Warning Signs That You May Be Relapsing: How to Get Back on Track!
When a person admits that a drug misuse problem exists and seeks treatment, it is the first step toward recovery. However, life is not perfect. As someone who deals with a drug misses disorder reenters the real world, triggers and temptations may lead to relapse. Even when this occurs, it does not mean that sober life is impossible. It is essential to get back on the right track. Luckily, there are warning signs that relapse is occurring. Prelapse, the beginning of relapse, is an important time. Identifying this early stage allows a person to get the necessary assistance quickly.
Why Relapse Occurs
Treating addiction is tricky. An individual must go through a process of withdrawal and therapy. All of this is quite mentally and physically draining. Trying to quit without professional help is not always possible. Triggers and everyday temptations will always exist. There are a number of reasons why a person may relapse.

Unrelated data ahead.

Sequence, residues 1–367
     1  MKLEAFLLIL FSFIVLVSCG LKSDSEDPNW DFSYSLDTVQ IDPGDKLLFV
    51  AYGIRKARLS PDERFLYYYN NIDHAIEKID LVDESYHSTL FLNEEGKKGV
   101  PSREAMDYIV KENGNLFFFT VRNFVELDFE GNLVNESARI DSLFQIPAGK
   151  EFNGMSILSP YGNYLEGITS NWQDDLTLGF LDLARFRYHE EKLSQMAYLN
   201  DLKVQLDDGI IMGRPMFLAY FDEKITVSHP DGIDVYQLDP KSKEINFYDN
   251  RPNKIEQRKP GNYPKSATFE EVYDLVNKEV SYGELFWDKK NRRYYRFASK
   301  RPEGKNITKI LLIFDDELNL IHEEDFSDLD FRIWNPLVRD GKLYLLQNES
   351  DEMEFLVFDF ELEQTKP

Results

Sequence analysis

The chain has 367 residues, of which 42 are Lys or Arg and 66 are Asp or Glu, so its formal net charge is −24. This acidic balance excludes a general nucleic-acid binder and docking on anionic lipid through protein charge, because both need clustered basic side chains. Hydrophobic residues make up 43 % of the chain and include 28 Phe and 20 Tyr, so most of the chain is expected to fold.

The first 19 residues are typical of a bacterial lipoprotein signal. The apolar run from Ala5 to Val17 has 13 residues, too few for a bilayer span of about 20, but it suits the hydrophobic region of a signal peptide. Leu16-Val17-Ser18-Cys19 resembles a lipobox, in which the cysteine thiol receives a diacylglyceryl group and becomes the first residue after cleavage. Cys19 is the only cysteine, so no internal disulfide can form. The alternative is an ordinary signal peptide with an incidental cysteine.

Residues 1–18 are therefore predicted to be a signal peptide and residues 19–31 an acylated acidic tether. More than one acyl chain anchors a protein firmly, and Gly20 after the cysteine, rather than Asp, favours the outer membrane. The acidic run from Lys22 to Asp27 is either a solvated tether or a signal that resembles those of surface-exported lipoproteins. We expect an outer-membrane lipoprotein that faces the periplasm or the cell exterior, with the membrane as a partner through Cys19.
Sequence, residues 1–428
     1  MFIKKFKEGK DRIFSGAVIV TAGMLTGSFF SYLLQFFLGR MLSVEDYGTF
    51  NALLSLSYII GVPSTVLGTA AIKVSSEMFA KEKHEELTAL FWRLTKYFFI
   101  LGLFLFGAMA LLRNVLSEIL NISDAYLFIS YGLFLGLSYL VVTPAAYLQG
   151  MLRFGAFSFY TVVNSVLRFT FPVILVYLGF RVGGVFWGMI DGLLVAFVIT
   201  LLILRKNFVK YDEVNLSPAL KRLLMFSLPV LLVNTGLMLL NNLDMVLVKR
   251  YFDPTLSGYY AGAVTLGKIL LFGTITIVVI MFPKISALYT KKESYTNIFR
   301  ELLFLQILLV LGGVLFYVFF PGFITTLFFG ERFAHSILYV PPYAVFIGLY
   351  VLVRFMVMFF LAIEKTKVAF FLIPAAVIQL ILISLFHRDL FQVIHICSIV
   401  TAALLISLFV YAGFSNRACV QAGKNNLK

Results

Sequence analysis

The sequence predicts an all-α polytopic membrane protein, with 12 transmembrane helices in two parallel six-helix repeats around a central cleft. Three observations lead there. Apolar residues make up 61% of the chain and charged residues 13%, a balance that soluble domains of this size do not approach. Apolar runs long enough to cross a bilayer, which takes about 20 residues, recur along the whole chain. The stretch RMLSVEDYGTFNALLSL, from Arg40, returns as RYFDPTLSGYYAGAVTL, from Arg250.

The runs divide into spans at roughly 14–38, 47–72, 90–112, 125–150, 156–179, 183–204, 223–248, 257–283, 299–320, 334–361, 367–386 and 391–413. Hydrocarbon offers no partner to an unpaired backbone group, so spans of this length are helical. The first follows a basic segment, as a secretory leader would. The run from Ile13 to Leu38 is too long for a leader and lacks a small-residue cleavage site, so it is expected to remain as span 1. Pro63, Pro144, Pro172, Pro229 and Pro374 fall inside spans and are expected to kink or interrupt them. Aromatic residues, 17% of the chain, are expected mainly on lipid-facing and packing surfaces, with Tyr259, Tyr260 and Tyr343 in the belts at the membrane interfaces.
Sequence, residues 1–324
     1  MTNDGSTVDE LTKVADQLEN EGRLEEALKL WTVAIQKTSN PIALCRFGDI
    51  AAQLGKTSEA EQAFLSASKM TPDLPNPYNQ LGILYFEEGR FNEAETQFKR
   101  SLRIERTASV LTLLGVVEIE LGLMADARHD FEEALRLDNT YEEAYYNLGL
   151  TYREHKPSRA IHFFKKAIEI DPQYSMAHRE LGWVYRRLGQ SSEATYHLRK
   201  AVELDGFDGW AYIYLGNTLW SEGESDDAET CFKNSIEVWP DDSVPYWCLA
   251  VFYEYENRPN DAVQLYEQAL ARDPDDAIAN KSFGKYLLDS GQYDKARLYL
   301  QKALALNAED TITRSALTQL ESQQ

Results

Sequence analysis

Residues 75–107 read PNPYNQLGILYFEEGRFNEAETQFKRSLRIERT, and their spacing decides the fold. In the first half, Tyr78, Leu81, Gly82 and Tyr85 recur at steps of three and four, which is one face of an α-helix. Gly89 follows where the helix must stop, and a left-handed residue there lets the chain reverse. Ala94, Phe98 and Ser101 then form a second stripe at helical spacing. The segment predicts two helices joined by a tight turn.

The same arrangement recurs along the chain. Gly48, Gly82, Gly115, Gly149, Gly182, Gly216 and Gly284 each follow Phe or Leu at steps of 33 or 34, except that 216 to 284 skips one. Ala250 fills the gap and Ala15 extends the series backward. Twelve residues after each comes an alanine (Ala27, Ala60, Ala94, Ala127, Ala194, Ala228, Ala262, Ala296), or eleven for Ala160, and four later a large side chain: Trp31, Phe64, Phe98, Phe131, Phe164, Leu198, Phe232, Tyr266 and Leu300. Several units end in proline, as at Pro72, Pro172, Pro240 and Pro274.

- Recovery is Not a High Priority. Staying sober is difficult. Some people feel like a relapse is inevitable. However, these feelings make it easy to give up. Recovery should be a top priority at all times.
- Little Support. Successful treatment can only occur when a large system of support exists. Family and friends must provide encouragement to remain on a sober path. During inpatient treatment, patients are involved with group therapy and other programs that bolster success. In the outside world, an individual should keep attending therapy and group sessions.
- Low Motivation. The first step toward recovery is admitting that a problem exists. Without this gut feeling, it is not possible to enjoy a successful treatment. It is essential to understand the benefits of sobriety so that a person does not get caught up in the relapsing cycle.